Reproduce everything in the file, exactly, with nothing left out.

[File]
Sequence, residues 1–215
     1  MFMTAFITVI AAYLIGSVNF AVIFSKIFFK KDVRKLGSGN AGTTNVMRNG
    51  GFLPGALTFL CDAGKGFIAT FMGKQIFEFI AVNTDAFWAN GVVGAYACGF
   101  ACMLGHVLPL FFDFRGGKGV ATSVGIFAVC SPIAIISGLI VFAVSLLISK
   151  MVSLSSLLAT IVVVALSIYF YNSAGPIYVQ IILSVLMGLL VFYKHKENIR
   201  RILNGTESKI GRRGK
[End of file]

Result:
Sequence, residues 1–215
     1  MFMTAFITVI AAYLIGSVNF AVIFSKIFFK KDVRKLGSGN AGTTNVMRNG
    51  GFLPGALTFL CDAGKGFIAT FMGKQIFEFI AVNTDAFWAN GVVGAYACGF
   101  ACMLGHVLPL FFDFRGGKGV ATSVGIFAVC SPIAIISGLI VFAVSLLISK
   151  MVSLSSLLAT IVVVALSIYF YNSAGPIYVQ IILSVLMGLL VFYKHKENIR
   201  RILNGTESKI GRRGK